View synonyms for subdue


[ suhb-doo, -dyoo ]

verb (used with object)

, sub·dued, sub·du·ing.
  1. to conquer and bring into subjection:

    Rome subdued Gaul.

    Synonyms: vanquish, subjugate

  2. to overpower by superior force; overcome.
  3. to bring under mental or emotional control, as by persuasion or intimidation; render submissive.

    Synonyms: suppress, discipline, break, tame

  4. to repress (feelings, impulses, etc.).

    Synonyms: suppress

    Antonyms: arouse, awaken

  5. to bring (land) under cultivation:

    to subdue the wilderness.

  6. to reduce the intensity, force, or vividness of (sound, light, color, etc.); tone down; soften.

    Antonyms: intensify

  7. to allay (inflammation, infection, etc.).


/ səbˈdjuː /


  1. to establish ascendancy over by force
  2. to overcome and bring under control, as by intimidation or persuasion
  3. to hold in check or repress (feelings, emotions, etc)
  4. to render less intense or less conspicuous
“Collins English Dictionary — Complete & Unabridged” 2012 Digital Edition © William Collins Sons & Co. Ltd. 1979, 1986 © HarperCollins Publishers 1998, 2000, 2003, 2005, 2006, 2007, 2009, 2012

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Derived Forms

  • subˈdual, noun
  • subˈduable, adjective
  • subˈduably, adverb
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Other Words From

  • sub·dua·ble adjective
  • sub·dua·ble·ness noun
  • sub·dua·bly adverb
  • sub·duer noun
  • sub·duing·ly adverb
  • presub·due verb (used with object) presubdued presubduing
  • unsub·dua·ble adjective
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Word History and Origins

Origin of subdue1

First recorded in 1350–1400; Middle English so(b)duen, so(b)dewen, from unattested Anglo-French soduer “to overcome,” from Old French soduire “to deceive, seduce,” from Latin subdūcere “to withdraw”; meaning in English (and Anglo-French ) from Latin subdere “to place beneath, subdue”; subduct
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Word History and Origins

Origin of subdue1

C14 sobdue, from Old French soduire to mislead, from Latin subdūcere to remove; English sense influenced by Latin subdere to subject
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Synonym Study

See defeat.
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Example Sentences

Plus, in all three color options, one side is subdued, while the opposite is something fun.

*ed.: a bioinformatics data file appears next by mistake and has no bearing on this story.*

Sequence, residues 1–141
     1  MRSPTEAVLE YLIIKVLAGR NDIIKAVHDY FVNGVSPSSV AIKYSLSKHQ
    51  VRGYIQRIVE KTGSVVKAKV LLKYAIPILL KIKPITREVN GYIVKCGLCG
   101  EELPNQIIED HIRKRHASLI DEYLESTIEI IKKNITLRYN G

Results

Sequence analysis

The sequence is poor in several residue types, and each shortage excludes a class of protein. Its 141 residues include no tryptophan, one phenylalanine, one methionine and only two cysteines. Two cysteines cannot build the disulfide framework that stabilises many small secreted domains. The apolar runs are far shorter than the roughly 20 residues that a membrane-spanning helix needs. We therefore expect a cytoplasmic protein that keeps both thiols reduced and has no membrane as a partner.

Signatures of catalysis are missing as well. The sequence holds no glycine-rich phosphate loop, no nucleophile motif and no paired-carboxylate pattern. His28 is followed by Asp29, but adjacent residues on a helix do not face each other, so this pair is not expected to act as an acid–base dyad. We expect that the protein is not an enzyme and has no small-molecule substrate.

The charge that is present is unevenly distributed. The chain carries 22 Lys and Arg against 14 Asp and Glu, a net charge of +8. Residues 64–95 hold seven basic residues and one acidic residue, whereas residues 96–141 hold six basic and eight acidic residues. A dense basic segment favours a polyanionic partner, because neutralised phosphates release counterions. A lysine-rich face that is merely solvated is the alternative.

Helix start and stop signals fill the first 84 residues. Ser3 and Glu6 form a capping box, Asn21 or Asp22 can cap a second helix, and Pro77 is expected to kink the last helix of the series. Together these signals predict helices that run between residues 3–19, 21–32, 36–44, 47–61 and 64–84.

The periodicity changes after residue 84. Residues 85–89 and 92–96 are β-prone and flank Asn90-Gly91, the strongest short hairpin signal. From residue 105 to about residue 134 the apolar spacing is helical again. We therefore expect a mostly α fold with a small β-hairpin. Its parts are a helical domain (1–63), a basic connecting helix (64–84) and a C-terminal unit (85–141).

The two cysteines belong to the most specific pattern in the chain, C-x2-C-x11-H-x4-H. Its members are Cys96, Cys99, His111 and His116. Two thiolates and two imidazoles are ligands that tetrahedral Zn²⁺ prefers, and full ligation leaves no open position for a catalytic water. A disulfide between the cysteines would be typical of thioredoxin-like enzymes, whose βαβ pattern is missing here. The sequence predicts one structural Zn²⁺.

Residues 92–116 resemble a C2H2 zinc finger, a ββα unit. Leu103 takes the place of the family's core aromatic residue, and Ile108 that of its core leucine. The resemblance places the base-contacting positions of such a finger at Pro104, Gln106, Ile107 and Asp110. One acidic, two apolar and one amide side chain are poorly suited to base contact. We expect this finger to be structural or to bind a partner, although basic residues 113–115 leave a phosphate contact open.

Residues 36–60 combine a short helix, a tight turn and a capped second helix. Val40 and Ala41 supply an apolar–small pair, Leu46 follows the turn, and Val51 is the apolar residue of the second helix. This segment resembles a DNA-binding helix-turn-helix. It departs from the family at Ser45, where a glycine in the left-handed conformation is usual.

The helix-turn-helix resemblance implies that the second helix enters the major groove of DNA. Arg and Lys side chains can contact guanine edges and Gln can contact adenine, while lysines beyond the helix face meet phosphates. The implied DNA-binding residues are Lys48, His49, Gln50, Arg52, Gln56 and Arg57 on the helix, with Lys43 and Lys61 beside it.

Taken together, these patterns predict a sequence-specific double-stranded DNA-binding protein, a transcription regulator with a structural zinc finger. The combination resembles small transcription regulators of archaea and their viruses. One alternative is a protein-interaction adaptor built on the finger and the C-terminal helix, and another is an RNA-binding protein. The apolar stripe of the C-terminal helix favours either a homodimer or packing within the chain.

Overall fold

That voice that sang alongside Patti LaBelle and Lauryn Hill, the one that gets critics to consistently call her “underrated,” was subdued as she strained to breathe.

A day later in his cell, video footage shows Sheriff’s deputies tried to subdue a visibly disturbed Silva to take him for a medical evaluation.

Having recovered from a virus-induced downturn, the $220 billion Hong Kong–listed services company is now contending with the potentially larger threat of government regulation, which Beijing proposed last month to subdue China’s runaway tech giants.

From Fortune

Given all that’s gone on this year, it’s worth asking whether police officers and the communities they serve might be better off if cops had something other than guns to subdue unruly suspects.

From Ozy

It took a blow to the head from Clark and the assistance of three deputies to subdue her.

The younger brother would try everything in his power from a distance to subdue the roaring flames of passion.

At least one Metropolitan Police officer was injured during the struggle to subdue the man.

A brief struggle ensues as several officers attempt to subdue a squirming Grant, his hands behind his back.

Yet it is these very anarchic groups that the Second Amendment was incorporated to subdue.

Malcolm had selected it as a training-ground that evening, because he meant to weary and subdue his too highly spirited charger.

And unless thou speedily prevent them, they will do greater things than these, and thou shalt not be able to subdue them.

"It's an awfu' gran' book, Rob," she would say after a time, while she strove to subdue the sobs in her breast.

The Romans took two hundred years to subdue it, and the Moors never obtained a footing there.

Forthwith did Earl Hakon subdue all the land and that winter abode he in Throndhjem.





subduction zonesubdued